An adopted identity can be stronger than the physical practice of veganism or vegetarianism itself. Interestingly, a ‘lapse’ from strict vegetarianism does not necessarily stop a vegan or vegetarian from continuing to use that definition (Willetts, 1997), highlighting a blurred distinction of the definition. Also, it has been noted that motives and reasons for adopting a vegan and vegetarian diet are likely to adapt over time and people are likely to incorporate other reasons when exposed to new environments (Devine et al., 1998; Stiles, 1998). For instance, ‘health' vegetarians and vegans can adopt environmental reasons to further justify their lifestyle (Fox and Ward, 2008b). This potential for change has also been highlighted by Giddens. “The routines people put into practice are reflexively open to change, making self-identity open to change as well” (Giddens, 1991). Food eating habits are a part of long-term decisions people reflexively make in late modernity (Sneijder and Te Molder, 2009).

However, the strong association with vegan consumption and values for some means that this change may not be as easy or straightforward as it seems. A complete change may require an adoption of a new lifestyle or identity and consumers may not be in a position to do this freely and may require “a conversion experience” (Campbell, 2005). Therefore, with these varying reasons and the likelihood of adopting more than one reason over time there has been criticism of previous studies that focus on the ethical side of veganism when a large number are not heavily involved in activism and where health is increasingly becoming one of the main reasons to adopt a vegan diet (Merriman, 2010).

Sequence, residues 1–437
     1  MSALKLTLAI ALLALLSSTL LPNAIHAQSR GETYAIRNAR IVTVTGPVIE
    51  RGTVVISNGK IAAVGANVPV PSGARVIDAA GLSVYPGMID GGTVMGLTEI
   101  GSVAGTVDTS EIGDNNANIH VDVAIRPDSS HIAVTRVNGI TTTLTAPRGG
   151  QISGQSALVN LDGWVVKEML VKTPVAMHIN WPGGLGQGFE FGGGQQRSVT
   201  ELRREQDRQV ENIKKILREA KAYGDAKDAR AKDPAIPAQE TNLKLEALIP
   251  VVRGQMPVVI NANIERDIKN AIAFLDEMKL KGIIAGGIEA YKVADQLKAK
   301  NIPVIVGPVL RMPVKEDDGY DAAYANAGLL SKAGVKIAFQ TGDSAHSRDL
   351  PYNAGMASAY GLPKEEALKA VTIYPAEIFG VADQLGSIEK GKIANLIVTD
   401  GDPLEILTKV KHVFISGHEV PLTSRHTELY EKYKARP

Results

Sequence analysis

Veganism is widely discussed in the media, from the popularity of ‘Veganary’ (a charity encouraging people to try veganism in January each year) (Miceli, 2018) to the presence on many TV programmes (BBC, 2018a; BBC, 2018b; Dispatches, 2019). Even Greggs have launched a vegan sausage roll after a large petition driven by the animal right’s organisation PETA (Smithers, 2019; Williams, 2019). One commentator noted the following:

“If a sausage roll and a vegan sausage roll could exist quite happily side by side, if honest, hard-working meat eaters and self-righteous vegans could all go to the same shop […] your identity, your honour, your right to brown sauce, will be obliterated”

                                                                                                                                                   (Williams, 2019) 

It is doubtful that the power of the vegan sausage roll is so huge to influence or at least worry the traditional meat-eating population and associated identity by being sold in the same shop, but it is interesting that the popular press believes that the identity of carnivores may be compromised and is worried about the rise in veganism. This reflection on the identity of vegans and wider society makes this proposed study very relevant to wider society.

Using sociological theories on identity such as Social Identity Theory and incorporating the perspectives examined above the proposed research will aim to examine the relationship between veganism and social identity especially considering the increased popularity of eating vegan food.



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The views expressed by our Research News contributors are not necessarily the views of The Vegan Society.

The views expressed by our Research News contributors are not necessarily the views of The Vegan Society.